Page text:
Principal Investigators

Dr. Kathy Winnett-Murray and Dr. Greg Murray and Dr. Vanessa Muilenburg

Ottawa County is the epicenter of a developing invasion of Hemlock Wooly Adelgid (HWA), an exotic aphid-like insect that has already decimated populations of Eastern Hemlock trees in the eastern U.S. and promises to do the same in Michigan. Introduced to the U.S. in 1951, the insect was discovered in the Holland area in 2015 and at the Hope College Nature Preserve in August 2017. Heavily infested hemlocks often decline and die in 4–10 years. Because the understory beneath Eastern Hemlock canopies constitutes a distinctly different microenvironment than that beneath broadleaved trees, HWA-driven defoliation is likely to influence the recruitment and survivorship of tree seedlings on the forest floor. In addition, pronounced canopy defoliation and impacts on throughfall and leaf litter composition may affect communities of leaf litter arthropods beneath hemlock canopies. In turn, both plant species composition and litter decomposition rates may be altered in West Michigan dune forests.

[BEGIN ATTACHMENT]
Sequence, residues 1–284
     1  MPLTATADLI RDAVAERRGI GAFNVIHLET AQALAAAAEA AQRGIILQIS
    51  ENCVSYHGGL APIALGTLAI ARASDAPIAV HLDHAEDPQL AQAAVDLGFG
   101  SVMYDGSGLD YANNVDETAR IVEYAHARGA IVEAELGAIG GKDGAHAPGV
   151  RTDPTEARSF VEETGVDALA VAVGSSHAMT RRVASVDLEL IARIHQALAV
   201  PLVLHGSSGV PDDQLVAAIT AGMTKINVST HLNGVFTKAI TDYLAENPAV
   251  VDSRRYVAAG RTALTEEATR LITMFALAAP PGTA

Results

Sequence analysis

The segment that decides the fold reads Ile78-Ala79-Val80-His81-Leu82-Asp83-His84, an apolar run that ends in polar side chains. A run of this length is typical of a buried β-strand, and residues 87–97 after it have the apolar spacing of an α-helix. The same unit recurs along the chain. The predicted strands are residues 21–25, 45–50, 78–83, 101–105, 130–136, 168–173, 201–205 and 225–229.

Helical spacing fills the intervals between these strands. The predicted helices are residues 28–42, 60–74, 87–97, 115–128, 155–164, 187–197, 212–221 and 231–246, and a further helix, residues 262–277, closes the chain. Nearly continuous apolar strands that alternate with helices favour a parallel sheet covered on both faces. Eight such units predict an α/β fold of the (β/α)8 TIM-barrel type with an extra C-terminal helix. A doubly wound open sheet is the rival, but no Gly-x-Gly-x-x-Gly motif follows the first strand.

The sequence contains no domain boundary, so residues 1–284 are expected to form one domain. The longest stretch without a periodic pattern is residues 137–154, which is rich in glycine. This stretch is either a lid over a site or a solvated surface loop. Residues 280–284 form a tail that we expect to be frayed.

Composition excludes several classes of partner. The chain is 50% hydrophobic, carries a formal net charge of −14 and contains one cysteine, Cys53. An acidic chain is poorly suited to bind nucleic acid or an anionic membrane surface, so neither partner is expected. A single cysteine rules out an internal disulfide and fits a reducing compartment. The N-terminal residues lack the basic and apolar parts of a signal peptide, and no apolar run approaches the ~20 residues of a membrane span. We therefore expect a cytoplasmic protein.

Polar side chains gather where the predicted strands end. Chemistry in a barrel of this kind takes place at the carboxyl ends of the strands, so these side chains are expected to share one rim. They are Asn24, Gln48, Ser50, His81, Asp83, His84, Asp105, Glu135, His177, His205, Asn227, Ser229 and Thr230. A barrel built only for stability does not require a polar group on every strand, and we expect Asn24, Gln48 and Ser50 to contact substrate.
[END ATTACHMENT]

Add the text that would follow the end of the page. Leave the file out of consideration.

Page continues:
We will assess hemlock condition and HWA establishment at several sites in Ottawa and Allegan County, and compare the density and composition of litter arthropod communities beneath hemlock and adjacent sugar maple canopies. We will also compare light environments, soil temperatures, seedling recruitment and photosynthetic rates of woody seedlings beneath hemlock and sugar maple canopies throughout the entire growing season, since the effects of Eastern Hemlock on the understory light environment are most pronounced before broadleaved trees leaf out in the spring. The proposed study will add to our understanding of how insect pests can exert major direct and indirect influences on forest ecosystems by altering the physical structure of the environment.

Effec of HSV-1 latent infection on laster-induced axotomy
Principal Investigator

Dr. Gerald Griffin